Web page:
By Ashley Jordan and Stefani Zenteno Rivadineira, Capital News Service 05/12/2015 General AssemblyGeneral Assembly 2015
Married couples are not the only ones affected by domestic violence. A nationwide trend of dating violence is on the rise. Dating violence can take many forms, including psychological, emotional, physical and sexual abuse. This is something Morgan Carey of Richmond knows firsthand.
Carey said the dating abuse she suffered was primarily emotional but started to take a more dangerous turn. So through Meetup.com, she started a support group for women in similar situations.
Starting the group had an unexpected benefit, Carey said. It helped her heal while it provided support for others.
The battle for a passable Virginia budget continues in the General Assembly after the Senate passed a budget bill Tuesday that the House of Delegates likely will reject.
The Senate form of the budget, Senate Bill 5003, includes the private health care plan Marketplace Virginia and removes the Medicaid-expansion pilot program proposed by Gov. Terry McAuliffe.
With the 2013-2014 Virginia General Assembly session officially complete, animal activists and lovers around the state can celebrate the legislative passage animal-related bills received over the past few months.
Four bills dealing with animal/pet welfare and rights were passed this session, including the heavily talked about Senate Bill 228, which also known as Bailey’s Law.
Women’s choice advocates rallied outside the Supreme Court this past Tuesday in support of the Affordable Care Act birth-control benefit as the oral arguments in the Sebelius v. Hobby Lobby and Conestoga Wood v. Sebelius were heard.
Despite the frigid temperatures and precipitation, representatives of NARAL, Planned Parenthood, the National Latina Institute for Reproductive Health and other volunteers from across the state and the country shared the message: birth control is not my boss’ business.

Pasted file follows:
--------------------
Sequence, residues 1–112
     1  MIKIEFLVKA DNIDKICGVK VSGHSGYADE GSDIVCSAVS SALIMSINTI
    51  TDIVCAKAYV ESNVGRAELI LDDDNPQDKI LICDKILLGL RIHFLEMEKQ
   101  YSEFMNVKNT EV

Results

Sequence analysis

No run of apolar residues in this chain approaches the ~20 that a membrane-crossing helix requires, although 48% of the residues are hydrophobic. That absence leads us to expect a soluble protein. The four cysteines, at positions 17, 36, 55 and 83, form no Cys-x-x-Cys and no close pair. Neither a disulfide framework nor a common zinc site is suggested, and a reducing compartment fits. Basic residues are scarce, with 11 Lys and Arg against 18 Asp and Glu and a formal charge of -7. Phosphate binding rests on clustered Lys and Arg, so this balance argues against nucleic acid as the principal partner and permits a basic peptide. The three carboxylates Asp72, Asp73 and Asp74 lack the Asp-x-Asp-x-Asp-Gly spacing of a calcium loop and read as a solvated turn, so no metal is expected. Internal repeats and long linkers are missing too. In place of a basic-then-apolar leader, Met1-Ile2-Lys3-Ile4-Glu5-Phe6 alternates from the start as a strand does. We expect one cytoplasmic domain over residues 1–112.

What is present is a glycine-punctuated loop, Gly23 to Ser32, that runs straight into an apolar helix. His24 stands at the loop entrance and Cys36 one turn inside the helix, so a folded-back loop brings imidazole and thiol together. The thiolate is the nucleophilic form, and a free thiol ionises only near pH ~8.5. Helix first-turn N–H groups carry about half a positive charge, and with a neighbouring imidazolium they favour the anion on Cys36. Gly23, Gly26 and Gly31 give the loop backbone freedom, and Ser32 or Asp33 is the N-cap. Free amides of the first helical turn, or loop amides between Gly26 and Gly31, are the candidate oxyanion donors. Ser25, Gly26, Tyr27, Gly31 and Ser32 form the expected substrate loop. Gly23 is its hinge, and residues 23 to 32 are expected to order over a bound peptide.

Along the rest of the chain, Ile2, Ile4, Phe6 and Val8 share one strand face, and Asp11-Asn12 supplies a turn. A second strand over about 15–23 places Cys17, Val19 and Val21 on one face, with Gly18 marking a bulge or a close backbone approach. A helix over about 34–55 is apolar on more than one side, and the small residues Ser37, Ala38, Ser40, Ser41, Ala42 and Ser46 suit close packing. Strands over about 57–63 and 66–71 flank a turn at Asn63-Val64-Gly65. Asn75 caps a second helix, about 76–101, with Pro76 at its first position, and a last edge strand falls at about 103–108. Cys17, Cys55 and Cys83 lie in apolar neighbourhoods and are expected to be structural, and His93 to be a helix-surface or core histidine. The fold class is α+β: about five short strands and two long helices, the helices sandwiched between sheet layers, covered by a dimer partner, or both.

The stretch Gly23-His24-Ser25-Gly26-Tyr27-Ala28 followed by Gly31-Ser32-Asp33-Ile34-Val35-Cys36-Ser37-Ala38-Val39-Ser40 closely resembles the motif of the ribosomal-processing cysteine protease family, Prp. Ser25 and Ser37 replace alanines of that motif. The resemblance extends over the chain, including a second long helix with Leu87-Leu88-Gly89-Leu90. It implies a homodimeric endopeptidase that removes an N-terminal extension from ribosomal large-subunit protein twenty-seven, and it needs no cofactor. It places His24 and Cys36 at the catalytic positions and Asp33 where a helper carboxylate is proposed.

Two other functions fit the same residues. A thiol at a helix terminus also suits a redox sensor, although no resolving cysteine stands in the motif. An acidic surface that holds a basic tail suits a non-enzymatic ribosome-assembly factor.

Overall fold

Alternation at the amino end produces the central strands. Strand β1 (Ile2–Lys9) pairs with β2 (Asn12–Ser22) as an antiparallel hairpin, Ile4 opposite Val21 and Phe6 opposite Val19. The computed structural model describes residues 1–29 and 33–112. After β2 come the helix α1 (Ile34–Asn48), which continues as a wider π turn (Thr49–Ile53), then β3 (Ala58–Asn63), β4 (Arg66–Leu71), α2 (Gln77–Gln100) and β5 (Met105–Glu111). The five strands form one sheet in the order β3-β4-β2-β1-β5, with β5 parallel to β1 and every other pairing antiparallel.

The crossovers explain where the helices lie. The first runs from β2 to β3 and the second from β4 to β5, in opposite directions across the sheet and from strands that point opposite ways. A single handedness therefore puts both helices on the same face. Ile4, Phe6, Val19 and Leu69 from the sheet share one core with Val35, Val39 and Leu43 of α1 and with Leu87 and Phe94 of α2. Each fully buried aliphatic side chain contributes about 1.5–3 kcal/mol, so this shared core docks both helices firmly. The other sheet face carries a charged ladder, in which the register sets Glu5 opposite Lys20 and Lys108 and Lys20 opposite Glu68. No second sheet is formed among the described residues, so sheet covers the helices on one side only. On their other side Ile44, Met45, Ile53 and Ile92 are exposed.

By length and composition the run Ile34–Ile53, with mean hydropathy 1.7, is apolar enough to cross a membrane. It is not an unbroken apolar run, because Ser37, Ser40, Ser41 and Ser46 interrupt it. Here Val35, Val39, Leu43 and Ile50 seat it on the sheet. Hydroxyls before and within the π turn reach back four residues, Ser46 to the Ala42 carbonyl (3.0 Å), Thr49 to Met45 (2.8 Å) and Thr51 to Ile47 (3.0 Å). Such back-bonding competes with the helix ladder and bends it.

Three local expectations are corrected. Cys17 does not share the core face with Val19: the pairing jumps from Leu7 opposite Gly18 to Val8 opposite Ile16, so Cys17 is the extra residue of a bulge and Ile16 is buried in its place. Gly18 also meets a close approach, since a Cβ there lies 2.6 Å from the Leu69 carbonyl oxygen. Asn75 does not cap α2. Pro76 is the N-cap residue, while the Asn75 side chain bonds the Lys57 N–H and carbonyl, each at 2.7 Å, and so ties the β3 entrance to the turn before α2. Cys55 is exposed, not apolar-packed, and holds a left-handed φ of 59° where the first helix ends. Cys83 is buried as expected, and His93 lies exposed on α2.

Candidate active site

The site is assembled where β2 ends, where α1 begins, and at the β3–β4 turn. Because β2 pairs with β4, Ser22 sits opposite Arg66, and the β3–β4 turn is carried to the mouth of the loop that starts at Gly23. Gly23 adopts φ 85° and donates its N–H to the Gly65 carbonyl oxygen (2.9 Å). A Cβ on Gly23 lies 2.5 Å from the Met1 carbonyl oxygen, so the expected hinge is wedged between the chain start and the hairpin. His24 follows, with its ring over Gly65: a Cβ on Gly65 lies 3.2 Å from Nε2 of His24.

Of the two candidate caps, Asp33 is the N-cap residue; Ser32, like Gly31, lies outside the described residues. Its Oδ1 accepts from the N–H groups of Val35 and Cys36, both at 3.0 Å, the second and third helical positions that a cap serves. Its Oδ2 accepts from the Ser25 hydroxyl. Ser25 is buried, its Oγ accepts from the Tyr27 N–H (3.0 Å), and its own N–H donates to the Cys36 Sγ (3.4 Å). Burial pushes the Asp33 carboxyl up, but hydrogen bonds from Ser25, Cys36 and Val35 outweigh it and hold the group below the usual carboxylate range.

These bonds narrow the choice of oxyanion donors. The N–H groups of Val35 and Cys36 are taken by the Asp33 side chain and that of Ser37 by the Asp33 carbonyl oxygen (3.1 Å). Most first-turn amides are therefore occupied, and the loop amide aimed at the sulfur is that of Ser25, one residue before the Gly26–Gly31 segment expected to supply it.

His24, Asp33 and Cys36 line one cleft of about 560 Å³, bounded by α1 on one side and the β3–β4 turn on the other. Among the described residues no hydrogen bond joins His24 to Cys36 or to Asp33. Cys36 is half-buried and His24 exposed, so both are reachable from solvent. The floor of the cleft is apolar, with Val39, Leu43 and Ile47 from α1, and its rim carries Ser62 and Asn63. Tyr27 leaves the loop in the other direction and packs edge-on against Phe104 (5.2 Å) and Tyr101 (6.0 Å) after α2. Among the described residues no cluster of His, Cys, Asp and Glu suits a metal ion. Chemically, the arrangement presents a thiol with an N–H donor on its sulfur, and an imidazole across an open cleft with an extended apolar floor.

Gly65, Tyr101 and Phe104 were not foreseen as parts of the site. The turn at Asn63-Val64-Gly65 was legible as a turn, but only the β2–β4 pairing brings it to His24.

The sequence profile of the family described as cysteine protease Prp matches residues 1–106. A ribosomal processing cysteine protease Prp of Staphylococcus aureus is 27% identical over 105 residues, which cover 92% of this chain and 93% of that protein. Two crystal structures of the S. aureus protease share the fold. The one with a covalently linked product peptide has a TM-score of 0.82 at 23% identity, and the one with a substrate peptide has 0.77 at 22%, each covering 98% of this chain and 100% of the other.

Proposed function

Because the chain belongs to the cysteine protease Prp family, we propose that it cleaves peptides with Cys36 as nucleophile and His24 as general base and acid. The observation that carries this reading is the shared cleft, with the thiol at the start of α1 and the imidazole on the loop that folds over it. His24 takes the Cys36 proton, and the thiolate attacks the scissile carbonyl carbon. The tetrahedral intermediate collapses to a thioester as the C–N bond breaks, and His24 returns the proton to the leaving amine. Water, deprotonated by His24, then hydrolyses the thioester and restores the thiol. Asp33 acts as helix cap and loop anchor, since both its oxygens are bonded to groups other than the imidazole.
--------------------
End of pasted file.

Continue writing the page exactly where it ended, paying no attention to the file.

Gov. Terry McAuliffe addressed critics of Medicaid expansion as part of Virginia’s biennial budget by proposing a two-year pilot program he says would close the commonwealth’s healthcare gap without financial penalty to the state.
McAuliffe’s 45-minute address signified the beginning of the General Assembly’s special session, which was scheduled in effort to reach an agreement on the roughly $96 billion two-year budget currently at odds over expanding Medicaid coverage to more than 400,000 currently uninsured Virginians.
A bipartisan compromise has been reached to provide additional state funding and resources to victims of sexual and domestic violence after anti-violence bills were struck down in the General Assembly.
House Bill 885, which originally extended the time bracket for filing claims to the Criminal Injury Compensation Fund, now includes the increased emergency awards for victims of crime through the CICF that were contained in the failed House Bill 1 and Senate Bill 4, according to HB885 sponsor Delegate Christopher Peace, R-Hanover.
Virginia passed landmark DUI legislation in 2012, requiring anyone convicted of a DUI in the commonwealth -- whether it’s a first or 31st offense -- have an ignition interlock device installed in their car.
After the passage of the milestone law, advocates are not surprised that further DUI legislation has been stunted in the past two sessions.
Republican leaders in the Virginia House of Delegates have proposed a special legislative session to address the debate on Medicaid expansion just three days before the General Assembly is scheduled to adjourn.
The House and Senate are less than one-tenth of one percent (or $26 million) apart from compromising on a two-year, $96 billion state budget agreement, but GOP leadership reinforced its position Tuesday that Medicaid Expansion does not belong in the budget bill.
A bill providing retired employees of the Virginia Department of Motor Vehicles an exemption from being required to obtain a concealed weapon permit was unanimously passed by the House of Delegates this week and now awaits Gov. Terry McAuliffe’s signature.
Senate Bill 279, introduced by Sen. John Cosgrove, R-Chesapeake, would amend Section 18.2-308 of the Code of Virginia to allow retired employees of the DMV’s Law Enforcement Division the same concealed weapons permit exemptions enjoyed by Virginia State Police, Capitol Police, and local law enforcement retirees.
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